Cardiovascular Disease
Abstract
Cardiovascular diseases (CVDs) are the leading causes of death in the world. All CVDs involve physiological complications in the circulatory system. Genetics, poor dietary choices and lifestyle can affect the physical properties of the circulatory system so that it can no longer function with optimal efficiency, causing CVDs.
Introduction
Various factors of one’s lifestyle can affect susceptibility to CVDs. These factors include: smoking tobacco products, consumption of alcohol, inadequate level of physical activity, and an unhealthy diet. A study conducted in China revealed that only 10% of the adult population demonstrates healthy lifestyle habits in all four of these categories. However, adults were more likely to make positive lifestyle changes after being diagnosed with a CVD (Wang et al., 2017).
China produces and consumes more tobacco products than any other country, yet 50% of the smoking Chinese population is unaware of the correlation between tobacco use and onset of CVDs (Wang et al., 2017). Smoking tobacco products can cause ventricular arrhythmia. Also known as ventricular tachycardia, ventricular arrhythmia is characterized by rapid, abnormal contractions of the lower heart chambers. When the heart beats rapidly in this manner, it can prevent circulation of oxygen-rich blood to the brain and the rest of the body, resulting in sudden cardiac death. These abnormal contractions can be attributed to the effect of nicotine on the serum catecholamine concentration (Goldenberg et al., 2003).
Light and moderate alcohol consumption is associated with a reduced risk of CVDs, in comparison to those who abstain from drinking. The consumption of alcohol causes an increase in high-density lipoprotein cholesterol (HDL-C). HDL-C carries cholesterol from the tissues to the liver to be excreted in bile. Drinking in excess, however, is not clearly associated with a higher or lower incidence of CVDs (Mukamal, Chen, Rao, ; Breslow, 2010).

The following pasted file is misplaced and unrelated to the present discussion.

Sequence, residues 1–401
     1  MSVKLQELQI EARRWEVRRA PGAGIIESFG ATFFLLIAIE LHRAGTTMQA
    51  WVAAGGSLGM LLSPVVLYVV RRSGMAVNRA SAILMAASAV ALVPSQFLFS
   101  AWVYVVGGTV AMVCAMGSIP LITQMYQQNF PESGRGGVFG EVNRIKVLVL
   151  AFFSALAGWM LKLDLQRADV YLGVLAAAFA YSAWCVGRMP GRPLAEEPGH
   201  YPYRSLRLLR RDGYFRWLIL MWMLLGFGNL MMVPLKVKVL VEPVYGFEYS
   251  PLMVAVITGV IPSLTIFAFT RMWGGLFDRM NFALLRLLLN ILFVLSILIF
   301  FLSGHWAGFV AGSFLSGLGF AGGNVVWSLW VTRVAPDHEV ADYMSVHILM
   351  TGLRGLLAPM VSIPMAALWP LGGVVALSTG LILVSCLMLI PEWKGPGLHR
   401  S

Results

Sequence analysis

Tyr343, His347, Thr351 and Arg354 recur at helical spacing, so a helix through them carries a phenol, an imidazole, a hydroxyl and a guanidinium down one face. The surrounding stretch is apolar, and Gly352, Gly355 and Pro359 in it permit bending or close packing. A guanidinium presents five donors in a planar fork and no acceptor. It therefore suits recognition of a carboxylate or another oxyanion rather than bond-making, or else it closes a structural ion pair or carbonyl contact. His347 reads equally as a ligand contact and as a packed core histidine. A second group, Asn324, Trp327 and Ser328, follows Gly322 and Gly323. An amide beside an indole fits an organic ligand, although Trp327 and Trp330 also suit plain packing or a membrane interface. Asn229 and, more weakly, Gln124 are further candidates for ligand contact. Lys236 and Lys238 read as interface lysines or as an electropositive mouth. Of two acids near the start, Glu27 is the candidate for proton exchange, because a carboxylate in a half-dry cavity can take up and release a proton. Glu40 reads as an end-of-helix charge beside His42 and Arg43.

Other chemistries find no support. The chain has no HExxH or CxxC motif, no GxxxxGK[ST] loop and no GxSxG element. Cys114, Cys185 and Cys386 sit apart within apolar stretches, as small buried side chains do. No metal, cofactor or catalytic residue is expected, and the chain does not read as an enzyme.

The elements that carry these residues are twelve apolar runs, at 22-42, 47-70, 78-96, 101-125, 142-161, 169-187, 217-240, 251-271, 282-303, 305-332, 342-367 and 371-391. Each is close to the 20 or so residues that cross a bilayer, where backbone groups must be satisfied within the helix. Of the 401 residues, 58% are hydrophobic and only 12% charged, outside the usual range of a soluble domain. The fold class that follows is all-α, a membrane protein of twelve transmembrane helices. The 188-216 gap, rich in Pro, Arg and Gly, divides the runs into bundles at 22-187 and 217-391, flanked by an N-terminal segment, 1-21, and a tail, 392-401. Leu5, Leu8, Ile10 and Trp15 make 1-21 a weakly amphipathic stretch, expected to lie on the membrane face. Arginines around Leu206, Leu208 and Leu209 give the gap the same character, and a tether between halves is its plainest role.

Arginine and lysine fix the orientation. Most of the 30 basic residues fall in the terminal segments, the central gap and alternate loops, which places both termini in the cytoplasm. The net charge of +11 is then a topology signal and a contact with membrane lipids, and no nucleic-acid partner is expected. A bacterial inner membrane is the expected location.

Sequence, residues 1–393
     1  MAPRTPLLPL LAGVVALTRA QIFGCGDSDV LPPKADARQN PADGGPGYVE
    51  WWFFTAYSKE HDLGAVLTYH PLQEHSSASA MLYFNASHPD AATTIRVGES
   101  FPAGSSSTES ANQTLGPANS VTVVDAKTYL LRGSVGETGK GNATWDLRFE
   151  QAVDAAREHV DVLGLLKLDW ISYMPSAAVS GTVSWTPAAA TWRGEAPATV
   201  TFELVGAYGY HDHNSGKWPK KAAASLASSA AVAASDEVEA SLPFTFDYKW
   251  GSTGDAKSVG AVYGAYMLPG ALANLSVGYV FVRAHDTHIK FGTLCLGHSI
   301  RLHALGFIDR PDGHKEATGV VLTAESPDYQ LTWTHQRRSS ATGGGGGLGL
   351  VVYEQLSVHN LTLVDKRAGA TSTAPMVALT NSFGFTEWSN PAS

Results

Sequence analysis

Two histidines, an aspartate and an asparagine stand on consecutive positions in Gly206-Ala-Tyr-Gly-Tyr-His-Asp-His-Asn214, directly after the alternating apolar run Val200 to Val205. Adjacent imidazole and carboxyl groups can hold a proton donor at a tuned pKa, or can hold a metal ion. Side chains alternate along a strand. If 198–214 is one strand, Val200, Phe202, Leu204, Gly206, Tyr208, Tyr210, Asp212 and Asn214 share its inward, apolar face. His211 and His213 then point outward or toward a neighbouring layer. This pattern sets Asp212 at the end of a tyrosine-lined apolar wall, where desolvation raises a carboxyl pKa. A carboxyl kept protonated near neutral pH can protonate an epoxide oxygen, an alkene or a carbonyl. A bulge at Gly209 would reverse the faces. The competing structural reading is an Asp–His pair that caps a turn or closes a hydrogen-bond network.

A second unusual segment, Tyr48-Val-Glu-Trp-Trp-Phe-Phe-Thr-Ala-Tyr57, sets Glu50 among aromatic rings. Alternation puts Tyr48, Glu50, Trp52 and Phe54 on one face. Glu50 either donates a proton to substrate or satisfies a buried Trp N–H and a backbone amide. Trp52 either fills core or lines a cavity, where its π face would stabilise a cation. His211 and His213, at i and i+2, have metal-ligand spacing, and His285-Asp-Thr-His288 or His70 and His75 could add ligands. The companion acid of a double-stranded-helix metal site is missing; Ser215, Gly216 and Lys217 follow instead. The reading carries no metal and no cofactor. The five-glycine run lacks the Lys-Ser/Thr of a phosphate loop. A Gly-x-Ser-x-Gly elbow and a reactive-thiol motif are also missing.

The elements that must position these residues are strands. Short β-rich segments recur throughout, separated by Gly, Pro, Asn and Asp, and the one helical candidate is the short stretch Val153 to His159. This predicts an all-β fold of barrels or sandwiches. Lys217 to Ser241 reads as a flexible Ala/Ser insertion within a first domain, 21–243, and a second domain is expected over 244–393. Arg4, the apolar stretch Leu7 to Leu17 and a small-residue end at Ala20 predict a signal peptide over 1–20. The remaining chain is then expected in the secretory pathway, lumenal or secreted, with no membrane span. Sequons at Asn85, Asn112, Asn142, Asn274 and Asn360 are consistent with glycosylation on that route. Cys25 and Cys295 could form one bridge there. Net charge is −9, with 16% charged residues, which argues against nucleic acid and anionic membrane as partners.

Atherosclerosis and hypertension are the predominate causes of cardiovascular disease; both of these can directly stem from poor nutrition (Widmer, Flammer, Lerman, ; Lerman, 2015). Dysfunction in glucose metabolism and hypertension are examples of genetic forces that cannot be prevented; whereas smoking and ingesting high levels of low-density lipoprotein cholesterol (LDL-C) are preventable with adequate nutrition and improvement of lifestyle choices.
Anatomy
The circulatory system is comprised of arteries, arterioles, capillaries, venules, and veins of varying size, structure, and function. These structures are pathways through which blood circulates throughout the body driven by the heart’s pumping action. Blood follows a specific flow of circulation; when blood leaves the heart via the aorta, it is directed into various branching arteries that lead to the body’s organs. Once the blood reaches the organs, it is distributed to over ten billion capillaries through small versions of arteries called arterioles. During the time where the blood is in the capillaries it diffuses nutrients and oxygen to tissue cells through the exchange of interstitial fluid across the capillary walls. As well as giving off vital nutrients and oxygen, the capillaries serve as a waste removal system. From the capillaries, blood flows through venules, small passages that lead to veins. Veins have thin, pliable walls because they do not need to withstand the high pressures as the other vessels in the system; they increase in size until reaching the venae cavae where blood is recirculated via pumps from the heart. Like any other systematic machine that is kept in good repair the cardiovascular system is mechanically sound, and will function properly until interrupted or total exhaustion – death. All blood vessels are lined with a single layer of cells called the vascular endothelium. Dysfunction of the vascular endothelium plays a significant role in the initiation and development of CVDs (Matsuzawa, Kwon, Lennon, Lerman, ; Lerman, 2015).